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Can Dupuytren's contracture lead to disability?

July 28, 2020 4 Comments

Effects of Dupuytren’s Contracture

Dupuytren’s contracture is a condition that impacts the fingers. It mainly affects the index, ring, and pinky fingers. 


For a lot of people, this disease will develop in both hands and can affect more than one finger. However, those who have developed Dupuytren’s Contracture in both hands may notice that it has a larger effect on one hand as compared to the other.


The tissues in the palm become thick and ‘tangled’ causing fingers to curl in an inward position. 

Can Dupuytren’s Contracture Lead to a Disability?

Dupuytren’s is a disease that cannot be fully cured. We only have a few treatment options and most are expensive.


The treatments available can only slow the progression of this disease. Without the use of proper medication, Dupuytren’s can often develop into a more aggressive form known as ‘Dupuytren’s Diathesis’.


In the more aggressive form of Dupuytren’s the disease progresses much faster and has a higher chance of recurring, despite the use of treatments including creams.


Despite its slow progression, patients affected by Dupuytren’s should seek medical help. What starts as a small pull on the fingers can slowly cause a permanent disability. 


This occurs when the fingers become severely bent towards the palm, thus leading to an ability to perform day-to-day activities. We must mention that such extreme conditions are rare but they do exist.

Disability Benefits for Those Affected by Dupuytren’s Contracture

People affected by Dupuytren’s are often unable to perform the simplest of jobs. This puts a stop to their means of earning a living. Thankfully, people affected by Dupuytren’s can actually earn disability benefits based on the severity of the condition.

Requirements for Earning Disability Benefits

If someone wishes to claim their disability benefits, there are certain rules or criteria they must meet and follow. These include:

  1. Anyone who wishes to collect their disability benefit should not earn what is called a ‘substantial amount’. Only those who earn less than $1,260 are eligible for benefits.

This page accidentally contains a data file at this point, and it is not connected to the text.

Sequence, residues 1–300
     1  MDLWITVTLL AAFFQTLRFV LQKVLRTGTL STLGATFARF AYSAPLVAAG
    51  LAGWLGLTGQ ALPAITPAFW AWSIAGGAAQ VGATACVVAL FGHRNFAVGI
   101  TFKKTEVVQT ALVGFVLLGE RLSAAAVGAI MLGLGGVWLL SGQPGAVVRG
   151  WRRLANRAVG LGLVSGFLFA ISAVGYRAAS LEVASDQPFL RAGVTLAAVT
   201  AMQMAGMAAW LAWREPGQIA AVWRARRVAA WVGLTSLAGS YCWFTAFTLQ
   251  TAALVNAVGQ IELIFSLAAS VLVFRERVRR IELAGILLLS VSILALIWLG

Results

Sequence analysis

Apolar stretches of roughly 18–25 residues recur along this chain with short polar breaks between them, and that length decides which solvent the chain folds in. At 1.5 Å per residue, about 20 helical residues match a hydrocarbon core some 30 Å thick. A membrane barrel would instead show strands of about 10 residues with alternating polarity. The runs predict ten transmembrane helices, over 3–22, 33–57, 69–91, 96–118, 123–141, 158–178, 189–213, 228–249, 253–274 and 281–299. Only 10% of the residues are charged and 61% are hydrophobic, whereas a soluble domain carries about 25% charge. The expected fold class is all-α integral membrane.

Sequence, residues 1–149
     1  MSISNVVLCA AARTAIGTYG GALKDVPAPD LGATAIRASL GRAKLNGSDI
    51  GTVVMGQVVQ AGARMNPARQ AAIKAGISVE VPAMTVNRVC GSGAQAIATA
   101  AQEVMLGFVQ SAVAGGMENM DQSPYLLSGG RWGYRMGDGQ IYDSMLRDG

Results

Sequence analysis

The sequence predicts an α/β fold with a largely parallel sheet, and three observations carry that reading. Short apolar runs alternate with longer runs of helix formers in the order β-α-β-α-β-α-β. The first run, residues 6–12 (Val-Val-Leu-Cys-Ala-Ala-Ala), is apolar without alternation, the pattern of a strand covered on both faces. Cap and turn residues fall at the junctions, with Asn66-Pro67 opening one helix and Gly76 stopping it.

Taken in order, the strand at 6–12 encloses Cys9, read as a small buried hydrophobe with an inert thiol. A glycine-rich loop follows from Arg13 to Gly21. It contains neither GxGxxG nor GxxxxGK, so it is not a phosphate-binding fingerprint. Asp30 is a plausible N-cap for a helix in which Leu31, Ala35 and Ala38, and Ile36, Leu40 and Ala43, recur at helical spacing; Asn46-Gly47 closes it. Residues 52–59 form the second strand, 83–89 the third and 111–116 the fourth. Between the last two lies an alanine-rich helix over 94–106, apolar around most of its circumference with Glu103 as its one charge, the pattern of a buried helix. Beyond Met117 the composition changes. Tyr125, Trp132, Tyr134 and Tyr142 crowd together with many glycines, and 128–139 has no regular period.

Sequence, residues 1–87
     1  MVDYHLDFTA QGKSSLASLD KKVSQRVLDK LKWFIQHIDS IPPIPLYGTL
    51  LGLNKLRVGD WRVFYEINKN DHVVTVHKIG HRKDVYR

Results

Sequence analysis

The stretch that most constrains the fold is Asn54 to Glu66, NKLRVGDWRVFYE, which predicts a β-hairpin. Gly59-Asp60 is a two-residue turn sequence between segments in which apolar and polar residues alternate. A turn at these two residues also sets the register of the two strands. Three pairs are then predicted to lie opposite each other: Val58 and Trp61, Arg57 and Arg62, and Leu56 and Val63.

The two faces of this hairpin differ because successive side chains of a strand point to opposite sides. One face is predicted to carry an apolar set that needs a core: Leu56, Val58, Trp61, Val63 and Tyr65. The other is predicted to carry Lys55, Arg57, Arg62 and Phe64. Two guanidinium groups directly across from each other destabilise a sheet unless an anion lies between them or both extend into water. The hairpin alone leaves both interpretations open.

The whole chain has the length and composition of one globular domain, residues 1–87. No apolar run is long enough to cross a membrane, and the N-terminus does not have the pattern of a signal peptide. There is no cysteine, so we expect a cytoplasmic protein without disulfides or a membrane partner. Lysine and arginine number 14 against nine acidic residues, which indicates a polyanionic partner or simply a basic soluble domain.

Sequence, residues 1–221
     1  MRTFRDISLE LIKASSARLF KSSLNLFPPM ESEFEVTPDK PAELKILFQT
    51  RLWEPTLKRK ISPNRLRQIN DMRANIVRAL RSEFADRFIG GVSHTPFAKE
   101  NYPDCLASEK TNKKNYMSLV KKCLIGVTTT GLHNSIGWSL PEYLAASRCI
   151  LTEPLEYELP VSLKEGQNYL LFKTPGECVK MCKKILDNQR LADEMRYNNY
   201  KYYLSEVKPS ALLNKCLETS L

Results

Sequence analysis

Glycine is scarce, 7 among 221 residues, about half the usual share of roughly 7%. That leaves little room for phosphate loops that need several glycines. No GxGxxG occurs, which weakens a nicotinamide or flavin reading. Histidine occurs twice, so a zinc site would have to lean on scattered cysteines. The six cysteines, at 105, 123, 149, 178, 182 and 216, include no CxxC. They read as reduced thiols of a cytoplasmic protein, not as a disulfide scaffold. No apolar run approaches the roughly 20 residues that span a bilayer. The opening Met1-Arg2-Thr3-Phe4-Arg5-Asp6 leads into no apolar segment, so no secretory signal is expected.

2. People wanting to apply for disability benefits must be unable to perform any sort of work for at least 12 months.
  3. The next step will involve proving your inability to work because of Dupuytren’s Contracture. To do this, an RFC report will be needed. This report measures the amount of work you are able to do on a daily basis. It also assesses your medical records to take note of how severe the disability is.
  4. If you prove to be disabled, it will be labeled as a non-exertional impairment. This includes the inability to perform basic activities such as shaking hands, postural positions, etc.

The effects of this disease can be serious. Seek help before things get out of hand.

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4 Responses

Linda Parker
Linda Parker

July 31, 2020

I have had surgery twice on the same hand, just different fingers. I do daily exercises to keep those fingers straightened out. I consider both of my surgeries successful. I have developed the dupuytrens in my other hand and when it gets severe enough, I will have surgery on that hand. When I do the stretching exercises, I can actually feel the thread (for lack of a better name) pull loose.

Gloria Dailey
Gloria Dailey

July 31, 2020

I had Dupuytren’s in my left hand about 25 years ago, had surgery, and it came back a couple of years ago. I developed it in my right hand
and had surgery a couple of years ago. It’s not 100% but better than the left hand. I’m about to see a specialist for advice.

James Garrison
James Garrison

July 30, 2020

I had surgery for Dupuytren’s disease back in August 2018. what a terrible surgery.three and a half months worth of pain.now I have it in my other hand and there’s no way I’m going to do what I did the first time, so I’m baffled what I should do.

James Garrison
James Garrison

July 30, 2020

I had surgery for Dupuytren’s disease back in August 2018. what a terrible surgery.three and a half months worth of pain.now I have it in my other hand and there’s no way I’m going to do what I did the first time, so I’m baffled what I should do.

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